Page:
TweetNaCL's curve25519-xsalsa20-poly1305 construction provides authenticated encryption, guaranteeing both confidentiality and ciphertext integrity. The above header construction makes it impossible to determine the sender or recipient(s) of a miniLock-encrypted file simply by analyzing the ciphertext.

5. File decryption

In order to decrypt the file, the recipient needs the information stored within the decryptInfo section of the header. They also will need the ephemeral property of the header in order to derive the shared secret, in conjunction with their long-term secret key, which can be used to decrypt their copy of the decryptInfo header object.

If there are multiple properties within decryptInfo, the recipient must iterate through every property until she obtains an authenticated decryption of the underlying object. Once a successful authenticated decryption of a decryptInfo property occurs, the recipient can then use the obtained senderID along with their long-term secret key to decrypt fileKey and use it in conjunction with fileNonce to perform an authenticated decryption of the ciphertext bytes.

Before or during file decryption, the recipient compares the 32-byte BLAKE2s hash of the ciphertext against the decrypted fileHash. The recipient also compares the decrypted recipientID against their own miniLock ID. If any of these checks fail, decryption is aborted and an error is returned.

In order to decrypt the ciphertext bytes, the recipient breaks the ciphertext down to chunks consisting of the original 1048576 bytes of the plaintext chunk, plus the 4 bytes defining the chunk length and the 16 bytes defining the poly1305 authentication code of that particular ciphertext chunk. Each chunk is then decrypted sequentially using the following model:

fullNonce0 = fileNonce || 0
decryptedChunk0 =, fullNonce0, fileKey)
fullNonce1 = fileNonce || 1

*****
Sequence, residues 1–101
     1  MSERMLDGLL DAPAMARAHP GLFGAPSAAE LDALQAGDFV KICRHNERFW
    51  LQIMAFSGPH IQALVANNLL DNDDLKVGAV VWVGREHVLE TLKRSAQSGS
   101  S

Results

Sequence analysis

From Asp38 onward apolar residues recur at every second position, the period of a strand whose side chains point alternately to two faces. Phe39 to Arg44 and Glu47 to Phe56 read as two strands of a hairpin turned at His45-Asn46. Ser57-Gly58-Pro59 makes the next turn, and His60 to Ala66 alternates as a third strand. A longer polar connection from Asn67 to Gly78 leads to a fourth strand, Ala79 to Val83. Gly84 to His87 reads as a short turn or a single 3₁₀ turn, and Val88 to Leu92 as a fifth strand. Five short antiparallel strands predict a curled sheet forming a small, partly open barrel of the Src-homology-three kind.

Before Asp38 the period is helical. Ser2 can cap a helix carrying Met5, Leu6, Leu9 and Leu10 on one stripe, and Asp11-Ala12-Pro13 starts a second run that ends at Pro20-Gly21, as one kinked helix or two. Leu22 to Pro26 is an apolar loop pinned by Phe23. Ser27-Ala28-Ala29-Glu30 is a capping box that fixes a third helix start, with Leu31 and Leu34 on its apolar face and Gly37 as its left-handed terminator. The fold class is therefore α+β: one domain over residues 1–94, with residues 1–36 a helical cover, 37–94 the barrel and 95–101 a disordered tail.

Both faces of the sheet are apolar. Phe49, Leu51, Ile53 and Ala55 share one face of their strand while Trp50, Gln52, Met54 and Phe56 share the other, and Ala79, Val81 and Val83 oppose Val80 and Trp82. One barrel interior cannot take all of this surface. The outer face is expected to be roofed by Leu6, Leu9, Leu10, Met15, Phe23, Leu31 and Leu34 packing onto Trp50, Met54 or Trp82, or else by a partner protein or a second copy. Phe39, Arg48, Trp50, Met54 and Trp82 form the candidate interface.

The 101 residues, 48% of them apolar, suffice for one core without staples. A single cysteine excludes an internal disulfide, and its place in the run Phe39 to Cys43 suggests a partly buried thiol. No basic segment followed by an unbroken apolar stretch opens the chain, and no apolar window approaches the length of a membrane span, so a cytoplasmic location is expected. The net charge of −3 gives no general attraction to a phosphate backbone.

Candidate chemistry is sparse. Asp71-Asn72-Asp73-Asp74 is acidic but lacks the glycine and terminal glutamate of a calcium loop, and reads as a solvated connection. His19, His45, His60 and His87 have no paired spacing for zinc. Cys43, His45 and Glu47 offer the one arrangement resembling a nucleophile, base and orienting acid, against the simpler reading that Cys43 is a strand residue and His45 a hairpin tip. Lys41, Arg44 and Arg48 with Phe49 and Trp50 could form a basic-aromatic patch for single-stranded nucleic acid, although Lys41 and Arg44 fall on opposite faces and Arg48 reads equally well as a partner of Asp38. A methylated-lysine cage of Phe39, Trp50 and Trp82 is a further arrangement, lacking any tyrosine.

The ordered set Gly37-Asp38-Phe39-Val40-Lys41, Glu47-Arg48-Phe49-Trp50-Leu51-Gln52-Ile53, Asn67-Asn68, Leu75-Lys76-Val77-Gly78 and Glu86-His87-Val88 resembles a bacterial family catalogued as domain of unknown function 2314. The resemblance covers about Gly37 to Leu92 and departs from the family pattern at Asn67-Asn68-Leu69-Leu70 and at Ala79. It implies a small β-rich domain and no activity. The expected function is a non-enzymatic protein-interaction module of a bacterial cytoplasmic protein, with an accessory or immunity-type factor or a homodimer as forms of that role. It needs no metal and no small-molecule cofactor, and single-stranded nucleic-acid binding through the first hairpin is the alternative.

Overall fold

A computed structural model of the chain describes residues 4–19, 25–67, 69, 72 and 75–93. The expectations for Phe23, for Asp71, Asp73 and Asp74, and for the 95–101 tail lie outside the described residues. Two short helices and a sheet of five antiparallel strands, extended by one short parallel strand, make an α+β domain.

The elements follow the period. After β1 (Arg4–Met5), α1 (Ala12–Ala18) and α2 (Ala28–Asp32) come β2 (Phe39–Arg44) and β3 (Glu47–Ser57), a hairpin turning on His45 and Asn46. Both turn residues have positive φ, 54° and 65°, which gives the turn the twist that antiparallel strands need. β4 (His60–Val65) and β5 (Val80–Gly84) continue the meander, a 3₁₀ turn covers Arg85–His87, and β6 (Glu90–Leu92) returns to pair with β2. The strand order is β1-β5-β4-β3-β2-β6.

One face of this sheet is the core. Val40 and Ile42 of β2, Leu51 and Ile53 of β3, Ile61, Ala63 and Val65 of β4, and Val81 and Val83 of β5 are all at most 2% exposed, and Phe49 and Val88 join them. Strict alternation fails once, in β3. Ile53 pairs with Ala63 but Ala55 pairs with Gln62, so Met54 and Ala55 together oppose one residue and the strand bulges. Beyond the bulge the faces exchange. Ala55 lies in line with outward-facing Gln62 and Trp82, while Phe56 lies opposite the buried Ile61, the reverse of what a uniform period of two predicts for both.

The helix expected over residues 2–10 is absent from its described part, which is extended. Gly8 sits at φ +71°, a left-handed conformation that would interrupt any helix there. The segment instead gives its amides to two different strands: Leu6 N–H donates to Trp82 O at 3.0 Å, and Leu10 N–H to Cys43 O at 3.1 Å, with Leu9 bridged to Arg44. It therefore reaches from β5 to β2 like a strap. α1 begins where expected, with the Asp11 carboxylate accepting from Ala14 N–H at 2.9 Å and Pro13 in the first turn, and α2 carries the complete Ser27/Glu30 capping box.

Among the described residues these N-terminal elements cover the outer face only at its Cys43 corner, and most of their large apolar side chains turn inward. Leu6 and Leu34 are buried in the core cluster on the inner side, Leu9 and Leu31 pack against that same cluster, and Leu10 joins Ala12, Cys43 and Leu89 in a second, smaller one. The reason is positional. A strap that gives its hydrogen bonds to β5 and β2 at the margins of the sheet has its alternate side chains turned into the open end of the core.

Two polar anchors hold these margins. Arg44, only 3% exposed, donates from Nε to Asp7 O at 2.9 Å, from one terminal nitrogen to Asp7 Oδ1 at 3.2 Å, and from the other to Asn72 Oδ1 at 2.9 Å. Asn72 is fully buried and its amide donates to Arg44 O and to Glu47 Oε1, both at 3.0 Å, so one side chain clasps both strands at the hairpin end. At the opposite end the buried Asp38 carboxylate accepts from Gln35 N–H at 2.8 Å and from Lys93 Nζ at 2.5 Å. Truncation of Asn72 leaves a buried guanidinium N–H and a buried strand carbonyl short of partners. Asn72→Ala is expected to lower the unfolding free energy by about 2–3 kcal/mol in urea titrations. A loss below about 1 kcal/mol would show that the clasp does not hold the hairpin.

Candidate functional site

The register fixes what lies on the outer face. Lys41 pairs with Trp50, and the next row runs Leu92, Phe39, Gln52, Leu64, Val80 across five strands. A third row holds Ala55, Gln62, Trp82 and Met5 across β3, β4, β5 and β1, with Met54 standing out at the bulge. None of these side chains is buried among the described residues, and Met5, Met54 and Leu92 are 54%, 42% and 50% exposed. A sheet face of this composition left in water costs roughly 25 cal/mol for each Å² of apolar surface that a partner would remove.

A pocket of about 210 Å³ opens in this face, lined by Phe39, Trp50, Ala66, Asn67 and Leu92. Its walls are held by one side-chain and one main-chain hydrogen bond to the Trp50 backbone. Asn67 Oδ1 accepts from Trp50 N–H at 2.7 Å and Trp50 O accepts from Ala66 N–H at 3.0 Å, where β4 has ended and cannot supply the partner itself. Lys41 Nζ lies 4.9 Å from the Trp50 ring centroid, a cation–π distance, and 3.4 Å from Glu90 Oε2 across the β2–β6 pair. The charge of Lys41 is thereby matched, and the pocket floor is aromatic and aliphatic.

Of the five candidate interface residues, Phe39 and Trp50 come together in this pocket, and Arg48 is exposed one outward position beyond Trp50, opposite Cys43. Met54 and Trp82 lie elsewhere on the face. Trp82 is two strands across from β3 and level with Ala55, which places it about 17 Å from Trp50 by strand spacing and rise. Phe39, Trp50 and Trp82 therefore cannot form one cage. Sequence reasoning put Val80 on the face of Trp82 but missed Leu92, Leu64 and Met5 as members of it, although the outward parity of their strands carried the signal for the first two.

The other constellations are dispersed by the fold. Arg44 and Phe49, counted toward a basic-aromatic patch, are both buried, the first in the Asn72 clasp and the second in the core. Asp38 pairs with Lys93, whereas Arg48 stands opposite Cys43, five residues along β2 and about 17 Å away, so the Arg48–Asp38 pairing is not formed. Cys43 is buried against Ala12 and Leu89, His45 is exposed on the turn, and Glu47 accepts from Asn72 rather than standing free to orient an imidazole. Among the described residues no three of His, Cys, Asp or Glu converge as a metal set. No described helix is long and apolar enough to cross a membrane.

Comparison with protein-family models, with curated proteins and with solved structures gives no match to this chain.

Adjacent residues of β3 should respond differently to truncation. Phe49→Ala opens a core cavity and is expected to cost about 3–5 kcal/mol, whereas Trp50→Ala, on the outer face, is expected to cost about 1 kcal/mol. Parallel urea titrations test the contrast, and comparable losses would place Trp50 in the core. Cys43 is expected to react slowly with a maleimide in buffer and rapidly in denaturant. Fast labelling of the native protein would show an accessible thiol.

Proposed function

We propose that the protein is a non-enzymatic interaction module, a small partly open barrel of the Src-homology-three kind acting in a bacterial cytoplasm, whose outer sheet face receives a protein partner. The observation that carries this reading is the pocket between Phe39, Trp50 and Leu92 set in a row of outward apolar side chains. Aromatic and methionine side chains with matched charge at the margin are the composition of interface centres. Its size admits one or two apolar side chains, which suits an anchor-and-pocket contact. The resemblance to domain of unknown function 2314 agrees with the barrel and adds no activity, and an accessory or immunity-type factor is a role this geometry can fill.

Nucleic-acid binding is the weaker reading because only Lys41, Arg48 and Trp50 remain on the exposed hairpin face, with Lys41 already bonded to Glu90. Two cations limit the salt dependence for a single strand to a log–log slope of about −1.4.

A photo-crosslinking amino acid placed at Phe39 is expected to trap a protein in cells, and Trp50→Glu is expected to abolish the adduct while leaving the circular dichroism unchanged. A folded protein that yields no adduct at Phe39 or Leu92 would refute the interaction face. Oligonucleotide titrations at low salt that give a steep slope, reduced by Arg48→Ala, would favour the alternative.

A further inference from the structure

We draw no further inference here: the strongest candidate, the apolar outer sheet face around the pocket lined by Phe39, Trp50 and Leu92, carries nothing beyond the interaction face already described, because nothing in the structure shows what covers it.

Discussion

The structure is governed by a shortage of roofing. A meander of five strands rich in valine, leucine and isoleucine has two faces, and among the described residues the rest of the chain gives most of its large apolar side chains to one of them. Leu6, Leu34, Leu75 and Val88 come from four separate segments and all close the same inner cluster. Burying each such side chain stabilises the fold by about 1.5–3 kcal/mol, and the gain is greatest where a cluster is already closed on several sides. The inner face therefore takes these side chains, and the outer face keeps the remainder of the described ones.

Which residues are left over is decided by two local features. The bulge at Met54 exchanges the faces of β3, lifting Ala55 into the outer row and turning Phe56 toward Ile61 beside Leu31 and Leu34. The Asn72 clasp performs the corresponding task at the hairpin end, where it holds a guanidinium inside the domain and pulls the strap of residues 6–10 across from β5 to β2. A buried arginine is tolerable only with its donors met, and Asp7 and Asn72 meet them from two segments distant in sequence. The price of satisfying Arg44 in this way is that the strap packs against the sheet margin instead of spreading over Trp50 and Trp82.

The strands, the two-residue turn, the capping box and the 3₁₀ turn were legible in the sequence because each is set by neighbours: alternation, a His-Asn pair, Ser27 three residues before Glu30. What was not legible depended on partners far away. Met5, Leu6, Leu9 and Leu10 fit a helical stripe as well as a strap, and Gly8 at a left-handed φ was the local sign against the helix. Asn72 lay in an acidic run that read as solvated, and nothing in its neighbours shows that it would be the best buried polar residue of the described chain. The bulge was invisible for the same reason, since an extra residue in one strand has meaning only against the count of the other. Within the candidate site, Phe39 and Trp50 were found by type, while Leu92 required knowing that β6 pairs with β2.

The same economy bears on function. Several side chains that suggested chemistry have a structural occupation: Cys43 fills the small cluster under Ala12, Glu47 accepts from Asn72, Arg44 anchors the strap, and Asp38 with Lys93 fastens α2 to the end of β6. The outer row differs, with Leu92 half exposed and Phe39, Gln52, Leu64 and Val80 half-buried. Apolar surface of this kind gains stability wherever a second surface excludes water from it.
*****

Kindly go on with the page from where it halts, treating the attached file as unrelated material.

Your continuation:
decryptedChunk1 =, fullNonce1, fileKey)

After decryption, the recipient retrieves the filename from the first 256 bytes of the plaintext. The recipient strips the padding bytes from the filename and is now capable of saving the decrypted file.

If the authenticated asymmetric decryption of any header object fails, or the authenticated symmetric decryption of the file ciphertext fails, decryption is aborted and an error is returned.

6. Key Identity Authentication

In PGP, public keys can be substantially larger than miniLock IDs, therefore necessitating the generation of key fingerprints which can then be used for out-of-band key identity authentication. With miniLock, users are able to authenticate out-of-band directly using the miniLock ID, due to its small length (approximately 45 Base58-encoded characters). Therefore, no specialized key identity authentication mechanism is required.

7. Error Codes

miniLock will output these error codes when running into encryption or decryption errors. The user interface can then handle these errors in order to display information that is relevant to users:

Encryption errors

  • Error 1: General encryption error

Decryption errors

  • Error 2: General decryption error
  • Error 3: Could not parse header
  • Error 4: Invalid header version
  • Error 5: Could not validate sender ID
  • Error 6: File is not encrypted for this recipient
  • Error 7: Could not validate ciphertext hash

8. Caveats

miniLock is not intended to protect against malicious files being sent and received. It is the user's responsibility to vet the safety of the files they send or receive over miniLock. miniLock cannot protect against malware being sent over it.

9. Thanks

Sincere thanks are presented to Dr. Matthew D. Green and Meredith L. Patterson, who gave feedback on an early draft of this document.

Sincere thanks are presented to Trevor Perrin for his invaluable contribution to miniLock's design, which introduced sender ID anonymity in the ciphertext.

Sincere thanks are presented to Dmitry Chestnykh for his work on porting TweetNaCL to JavaScript and his general cooperation with the miniLock project, including many helpful and crucial suggestions.

Sincere thanks are presented to Dr. Mario Heiderich and his team at Cure53 for their work on performing a full audit of the miniLock codebase. We also sincerely thank the Open Technology Fund for funding the audit.

Finally, sincere thanks are presented to the wonderful, constructive members of the miniLock community who have contributed many improvements and ideas to the miniLock design and codebase. You rock!

10. Credits


Copyright 2014 Nadim Kobeissi. Released under the AGPLv3 license.


Daniel J. Bernstein, Wesley Janssen, Tanja Lange, Peter Schwabe, Matthew Dempsky


Dmitry Chestnykh, Devi Mandiri


Colin Percival